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at 05:14 on 19-07-2018, Ichneumon
@Robinson: Pure pacifism is my ideal, but violence in a purely defensive capacity does not morally offend me so much as it strikes me as a depressing potential eventuality when dealing with violent outside actors. To that end, I think a military in the vein of the Netherlands’ former armed forces can have its uses. But ours would naturally have to be almost unrecognisably restructured to see that end result, so I suppose it’s a moot point. I do not, however, support the conventional definition of a standing army, let alone as it currently exists.

@Raymond: I knew there was another more common term, but the adjective jingai sprang to mind because of its use (last I could recall) in formal and official contexts where gaijin would be especially dated and offensive.

There are a lot of animal skeletons in Barron, but the decay and feculence is largely... semi-human, shall we say.

I’ve been writing something which will be some sort of hypertext novel/comic hybrid for the better part of a decade, if sporadically, in addition to reams of poetry and some short fiction in varying states of completion. The poetry tends to wind up married to music in some capacity, but the novel-thing is very much its own beast.
at 20:30 on 18-07-2018, Robinson L
Ichneumon: I’m with Robinson when it comes to institutions like the military on an ideological level, I think ... Militaries are useful in specific circumstances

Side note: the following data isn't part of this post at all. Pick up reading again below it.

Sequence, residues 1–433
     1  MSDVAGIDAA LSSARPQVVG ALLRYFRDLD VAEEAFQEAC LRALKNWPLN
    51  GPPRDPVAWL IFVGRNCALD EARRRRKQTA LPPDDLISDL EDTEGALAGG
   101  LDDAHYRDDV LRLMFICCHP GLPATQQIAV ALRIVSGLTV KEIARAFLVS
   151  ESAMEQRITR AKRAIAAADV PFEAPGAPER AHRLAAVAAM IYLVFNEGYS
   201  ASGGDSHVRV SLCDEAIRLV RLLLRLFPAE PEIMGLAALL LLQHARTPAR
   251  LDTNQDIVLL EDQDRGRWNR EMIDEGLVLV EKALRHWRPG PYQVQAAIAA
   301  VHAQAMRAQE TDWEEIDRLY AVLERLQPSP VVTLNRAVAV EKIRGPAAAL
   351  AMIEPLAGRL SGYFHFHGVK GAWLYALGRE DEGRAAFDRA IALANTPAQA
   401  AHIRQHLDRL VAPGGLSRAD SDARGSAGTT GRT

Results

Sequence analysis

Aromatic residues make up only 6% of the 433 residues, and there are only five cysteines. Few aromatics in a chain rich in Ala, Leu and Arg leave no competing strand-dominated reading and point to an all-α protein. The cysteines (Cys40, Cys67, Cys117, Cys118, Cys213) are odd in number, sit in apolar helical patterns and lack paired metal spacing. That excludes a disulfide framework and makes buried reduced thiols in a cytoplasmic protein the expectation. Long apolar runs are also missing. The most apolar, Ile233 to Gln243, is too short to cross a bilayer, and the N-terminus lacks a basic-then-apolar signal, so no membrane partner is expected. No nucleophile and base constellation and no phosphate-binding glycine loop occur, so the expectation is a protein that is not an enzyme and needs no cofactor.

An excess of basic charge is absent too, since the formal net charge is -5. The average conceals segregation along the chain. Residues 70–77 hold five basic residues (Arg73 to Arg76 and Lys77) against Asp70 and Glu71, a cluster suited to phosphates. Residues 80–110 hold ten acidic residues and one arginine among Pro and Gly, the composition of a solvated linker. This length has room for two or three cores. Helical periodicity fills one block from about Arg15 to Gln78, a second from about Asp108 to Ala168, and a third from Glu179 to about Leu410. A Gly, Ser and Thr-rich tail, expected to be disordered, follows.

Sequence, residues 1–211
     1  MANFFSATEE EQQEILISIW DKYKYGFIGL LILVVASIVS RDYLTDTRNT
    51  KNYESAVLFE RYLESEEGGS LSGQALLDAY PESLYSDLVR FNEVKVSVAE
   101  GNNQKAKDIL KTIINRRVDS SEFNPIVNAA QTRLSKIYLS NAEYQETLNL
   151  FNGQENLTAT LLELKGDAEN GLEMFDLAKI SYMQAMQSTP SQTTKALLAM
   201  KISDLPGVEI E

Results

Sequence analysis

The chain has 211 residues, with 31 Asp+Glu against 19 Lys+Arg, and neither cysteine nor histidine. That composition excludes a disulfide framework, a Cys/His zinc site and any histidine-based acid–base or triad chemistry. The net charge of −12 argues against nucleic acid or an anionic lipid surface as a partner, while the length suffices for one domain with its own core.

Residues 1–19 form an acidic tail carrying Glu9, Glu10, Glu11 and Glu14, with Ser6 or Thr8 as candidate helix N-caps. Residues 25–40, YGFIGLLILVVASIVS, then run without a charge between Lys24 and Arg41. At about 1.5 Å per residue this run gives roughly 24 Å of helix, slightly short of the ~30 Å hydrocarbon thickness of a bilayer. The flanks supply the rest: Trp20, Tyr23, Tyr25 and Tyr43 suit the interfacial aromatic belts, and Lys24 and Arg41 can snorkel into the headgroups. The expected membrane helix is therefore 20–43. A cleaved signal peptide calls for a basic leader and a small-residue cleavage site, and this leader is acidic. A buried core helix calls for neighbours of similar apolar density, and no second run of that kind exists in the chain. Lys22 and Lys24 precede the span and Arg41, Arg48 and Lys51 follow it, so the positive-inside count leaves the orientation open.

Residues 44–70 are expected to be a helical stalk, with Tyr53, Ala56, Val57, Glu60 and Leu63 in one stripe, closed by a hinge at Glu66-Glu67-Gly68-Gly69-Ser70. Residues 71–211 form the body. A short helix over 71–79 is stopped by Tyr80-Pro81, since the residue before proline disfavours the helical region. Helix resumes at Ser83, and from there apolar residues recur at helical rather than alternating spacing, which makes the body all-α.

Perhaps not quite so close as you imagine, then.

@Raymond: Congratulations! Great news. Good luck pulling the driver's license info together; hopefully it's not too arduous.

Raymond: I should have made myself clearer though. Even if I don't get a job at Camp Zama, the high concentration of foreigners and Hafu children in the area indicates that landlords would be more tolerant of foreigner tenants than elsewhere, something that would be very valuable to me as I try to find my own place.

Oh yeah. I didn't understand how that point fit in with the rest of the military discussion, so I just sort of skipped over it.

Also though, student loans... paid in full... in two years' time, rather than ten or fifteen. You do not know the things I would do to get this monkey of debt off my back.

You've got me there, as I've gone to considerable lengths to avoid getting caught in the debt trap in my studies so far. I can definitely imagine how important it must be for you to get out from under that looming weight sooner rather than later.